Here are the government agencies and tools you will find most helpful during your time in the United States. If there are any special details or websites associated with that agency, you will find them in that agency’s section below.

Customs and Border Protection (CBP)
CBP the largest governmental agency under the Department of Homeland Security. CBP is responsible for regulating and facilitating international trade, collecting import duties, and enforcing U.S. regulations, including trade, customs, and immigration.

  • I-94 Record – This is where you can retrieve your I-94 record.

Department of Homeland Security (DHS)
The Department of Homeland Security is charged with the primary responsibilities of protecting the United States from and responding to terrorist attacks, man-made accidents, and natural disasters. The Department of Homeland Security is equivalent to the Interior ministries of other countries.

  • Study in the U.S. Guide – This is a guide prepared by DHS to help all international students coming into the United States.
  • Traveler Redress Inquiry Program (TRIP) – TRIP is a single point of contact for individuals who have inquiries or seek resolution regarding difficulties they experienced during their travel screening at transportation hubs—like airports and train stations—or crossing U.S. borders.

Department of Labor (DOL)
The Department of Homeland Security is charged with the primary responsibilities of occupational safety, wage and hour standards, unemployment insurance benefits, re-employment services, and some economic statistics; many U.S. states also have such departments.

  • Internship Programs – This is a fact sheet to help define the Fair Labor Standards around internships.
  • Trainee Programs – Here are the Fair Labor regulations and language regarding trainee positions.
  • Volunteering – Here are the Fair Labor regulations and language regarding volunteering.

Department of Motor Vehicles (DMV)
This is the website for the Pennsylvania Department of Motor Vehicles, the agency in which you can obtain a driver’s license, state identification card, vehicle registration, and more.

Department of State (DOS)
The United States Department of State (DOS) often referred to as the State Department, is the United States federal executive department responsible for international relations of the United States, equivalent to the foreign ministry of other countries. The Department of State is also responsible for sponsoring the Exchange Visitor program for J visa statuses.

Internal Revenue Service (IRS)
The IRS is the revenue service of the United States federal government and is responsible for collecting taxes as well as the administration of the Internal Revenue Code.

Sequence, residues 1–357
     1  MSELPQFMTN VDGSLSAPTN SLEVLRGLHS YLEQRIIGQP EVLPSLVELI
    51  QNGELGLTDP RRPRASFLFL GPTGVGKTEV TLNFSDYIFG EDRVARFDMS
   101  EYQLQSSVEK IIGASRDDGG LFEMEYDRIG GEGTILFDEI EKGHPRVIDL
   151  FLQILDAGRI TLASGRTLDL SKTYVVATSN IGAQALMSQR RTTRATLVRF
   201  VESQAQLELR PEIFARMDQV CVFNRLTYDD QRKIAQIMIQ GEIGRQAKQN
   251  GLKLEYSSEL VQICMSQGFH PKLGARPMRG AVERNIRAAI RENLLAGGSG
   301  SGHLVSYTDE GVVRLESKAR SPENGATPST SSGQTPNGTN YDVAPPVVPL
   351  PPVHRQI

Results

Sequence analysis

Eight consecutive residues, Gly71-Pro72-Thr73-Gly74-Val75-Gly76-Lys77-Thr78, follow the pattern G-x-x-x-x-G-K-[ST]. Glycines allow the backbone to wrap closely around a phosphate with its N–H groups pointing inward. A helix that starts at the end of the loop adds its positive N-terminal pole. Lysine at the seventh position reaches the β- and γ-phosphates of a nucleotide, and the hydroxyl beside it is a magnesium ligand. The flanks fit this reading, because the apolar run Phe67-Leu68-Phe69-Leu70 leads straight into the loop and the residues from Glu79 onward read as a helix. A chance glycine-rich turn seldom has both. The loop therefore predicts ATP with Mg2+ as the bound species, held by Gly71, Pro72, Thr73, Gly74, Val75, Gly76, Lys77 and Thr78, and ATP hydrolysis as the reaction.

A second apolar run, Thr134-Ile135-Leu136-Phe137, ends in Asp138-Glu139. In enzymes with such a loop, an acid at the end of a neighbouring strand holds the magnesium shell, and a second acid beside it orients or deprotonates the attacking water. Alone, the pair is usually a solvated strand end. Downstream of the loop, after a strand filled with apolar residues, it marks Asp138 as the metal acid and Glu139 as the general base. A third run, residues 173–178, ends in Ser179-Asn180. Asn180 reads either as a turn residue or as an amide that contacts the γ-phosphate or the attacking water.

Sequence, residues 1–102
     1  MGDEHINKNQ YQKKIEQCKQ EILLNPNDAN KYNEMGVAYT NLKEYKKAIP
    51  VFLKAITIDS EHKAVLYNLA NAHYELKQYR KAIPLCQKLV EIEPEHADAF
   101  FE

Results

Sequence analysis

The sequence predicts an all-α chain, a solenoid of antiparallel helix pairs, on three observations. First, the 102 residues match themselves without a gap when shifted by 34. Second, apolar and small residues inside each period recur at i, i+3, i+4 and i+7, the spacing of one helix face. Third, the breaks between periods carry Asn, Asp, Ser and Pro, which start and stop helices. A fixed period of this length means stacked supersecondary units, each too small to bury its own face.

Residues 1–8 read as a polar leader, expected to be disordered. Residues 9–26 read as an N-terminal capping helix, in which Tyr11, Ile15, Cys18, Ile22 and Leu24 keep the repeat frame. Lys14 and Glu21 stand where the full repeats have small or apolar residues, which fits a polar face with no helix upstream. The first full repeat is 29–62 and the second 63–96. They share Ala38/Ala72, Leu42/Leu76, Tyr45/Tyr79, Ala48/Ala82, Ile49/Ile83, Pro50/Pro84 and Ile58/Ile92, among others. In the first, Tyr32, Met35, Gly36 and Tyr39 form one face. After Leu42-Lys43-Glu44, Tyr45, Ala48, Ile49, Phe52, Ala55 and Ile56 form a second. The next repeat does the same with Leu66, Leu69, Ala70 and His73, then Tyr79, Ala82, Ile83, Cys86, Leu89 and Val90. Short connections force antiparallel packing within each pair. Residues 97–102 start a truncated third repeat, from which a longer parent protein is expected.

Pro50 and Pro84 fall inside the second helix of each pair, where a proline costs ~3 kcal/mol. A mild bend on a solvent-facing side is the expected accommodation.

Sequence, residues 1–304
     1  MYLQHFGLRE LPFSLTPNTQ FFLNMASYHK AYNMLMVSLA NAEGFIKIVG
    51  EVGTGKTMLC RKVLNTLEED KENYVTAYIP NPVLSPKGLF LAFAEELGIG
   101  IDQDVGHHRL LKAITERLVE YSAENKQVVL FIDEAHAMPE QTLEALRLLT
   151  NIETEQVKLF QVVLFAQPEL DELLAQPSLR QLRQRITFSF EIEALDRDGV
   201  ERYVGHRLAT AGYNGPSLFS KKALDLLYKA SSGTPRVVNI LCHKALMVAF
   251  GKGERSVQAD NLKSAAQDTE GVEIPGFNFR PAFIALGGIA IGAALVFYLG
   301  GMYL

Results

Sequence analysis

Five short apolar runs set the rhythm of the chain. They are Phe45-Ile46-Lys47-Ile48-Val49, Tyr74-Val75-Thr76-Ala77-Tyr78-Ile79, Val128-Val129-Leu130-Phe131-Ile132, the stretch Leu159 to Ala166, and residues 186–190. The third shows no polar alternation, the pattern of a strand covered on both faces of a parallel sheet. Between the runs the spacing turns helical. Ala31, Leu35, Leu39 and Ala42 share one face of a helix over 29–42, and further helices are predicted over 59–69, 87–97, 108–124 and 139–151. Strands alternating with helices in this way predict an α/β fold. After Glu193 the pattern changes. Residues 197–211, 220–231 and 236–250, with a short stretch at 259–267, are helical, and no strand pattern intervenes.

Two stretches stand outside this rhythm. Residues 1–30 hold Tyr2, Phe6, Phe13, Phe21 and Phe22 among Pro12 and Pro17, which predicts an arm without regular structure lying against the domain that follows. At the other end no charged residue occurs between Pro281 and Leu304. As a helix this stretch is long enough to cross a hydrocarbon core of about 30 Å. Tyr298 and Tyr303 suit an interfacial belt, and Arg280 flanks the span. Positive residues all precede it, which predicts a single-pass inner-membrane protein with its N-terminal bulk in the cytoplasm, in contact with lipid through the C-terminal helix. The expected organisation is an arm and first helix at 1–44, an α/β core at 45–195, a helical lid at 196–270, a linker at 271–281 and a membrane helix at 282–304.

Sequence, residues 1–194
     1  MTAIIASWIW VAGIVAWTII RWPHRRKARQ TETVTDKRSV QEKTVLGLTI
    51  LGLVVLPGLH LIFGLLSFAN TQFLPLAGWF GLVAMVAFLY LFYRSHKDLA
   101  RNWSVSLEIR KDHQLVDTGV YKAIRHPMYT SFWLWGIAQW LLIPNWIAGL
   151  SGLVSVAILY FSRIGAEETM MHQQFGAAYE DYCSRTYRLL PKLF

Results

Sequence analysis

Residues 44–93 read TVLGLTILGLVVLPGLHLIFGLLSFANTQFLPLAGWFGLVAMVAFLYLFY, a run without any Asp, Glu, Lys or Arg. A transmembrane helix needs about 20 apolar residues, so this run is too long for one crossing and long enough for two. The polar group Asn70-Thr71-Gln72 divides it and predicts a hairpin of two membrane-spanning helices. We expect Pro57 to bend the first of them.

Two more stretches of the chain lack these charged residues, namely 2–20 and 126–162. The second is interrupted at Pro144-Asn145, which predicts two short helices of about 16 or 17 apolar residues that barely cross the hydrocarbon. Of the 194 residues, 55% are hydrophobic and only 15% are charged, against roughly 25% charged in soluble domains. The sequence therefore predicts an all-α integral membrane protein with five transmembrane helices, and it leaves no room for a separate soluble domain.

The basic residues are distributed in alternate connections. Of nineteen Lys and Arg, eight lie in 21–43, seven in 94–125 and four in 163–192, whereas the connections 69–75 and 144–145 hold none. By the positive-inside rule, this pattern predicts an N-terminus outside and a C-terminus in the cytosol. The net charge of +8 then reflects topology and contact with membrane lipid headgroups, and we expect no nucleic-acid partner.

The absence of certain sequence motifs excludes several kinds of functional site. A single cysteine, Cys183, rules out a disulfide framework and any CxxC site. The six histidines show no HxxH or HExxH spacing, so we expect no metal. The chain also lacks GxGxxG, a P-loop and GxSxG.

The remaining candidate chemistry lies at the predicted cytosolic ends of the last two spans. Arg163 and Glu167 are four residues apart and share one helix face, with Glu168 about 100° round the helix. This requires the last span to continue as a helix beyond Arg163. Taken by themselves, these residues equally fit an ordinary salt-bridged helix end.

Student and Exchange Visitor Program (SEVP)
The Student and Exchange Visitor Program (SEVP) is a part of the National Security Investigations Division and acts as a bridge for government organizations that have an interest in information on nonimmigrants whose primary reason for coming to the United States is to be students. SEVP uses the Student and Exchange Visitor Information System (SEVIS) as their database to track and monitor non-immigrants in these categories.

  • SEVIS Fee – Before students and exchange visitors obtaining F and J status can apply for a visa stamp to enter the United States, they must pay the SEVIS fee. This fee is payment for the administrative processing of SEVIS documents and monitoring.
  • Travel Information – General questions and answers related to travel while on an F visa.

Social Security Administration
The Social Security Administration is an independent agency of the United States federal government that administers Social Security, a social insurance program consisting of retirement, disability, and survivors’ benefits. If you are hired for employment in the United States, you will need to apply for a Social Security Number (SSN) from this office.

United States Citizenship and Immigration Services (USCIS)
The Department of Homeland Security is charged with the primary responsibilities of occupational safety, wage and hour standards, unemployment insurance benefits, re-employment services, and some economic statistics; many U.S. states also have such departments.

  • Case Status – If you have a pending case with USCIS, you can enter your receipt number here to check on your case’s status.
  • E-Verify – E-Verify is an Internet-based system that compares information from an employee’s Form I-9, Employment Eligibility Verification, to data from U.S. Department of Homeland Security and Social Security Administration records to confirm employment eligibility. If you are interested in searching for an E-Verify company, USCIS has created the E-Verify Search Tool to assist you.
  • Processing Times – On this page you can find an estimate of how much time the office handling your case currently takes to process your type of application, petition, or request.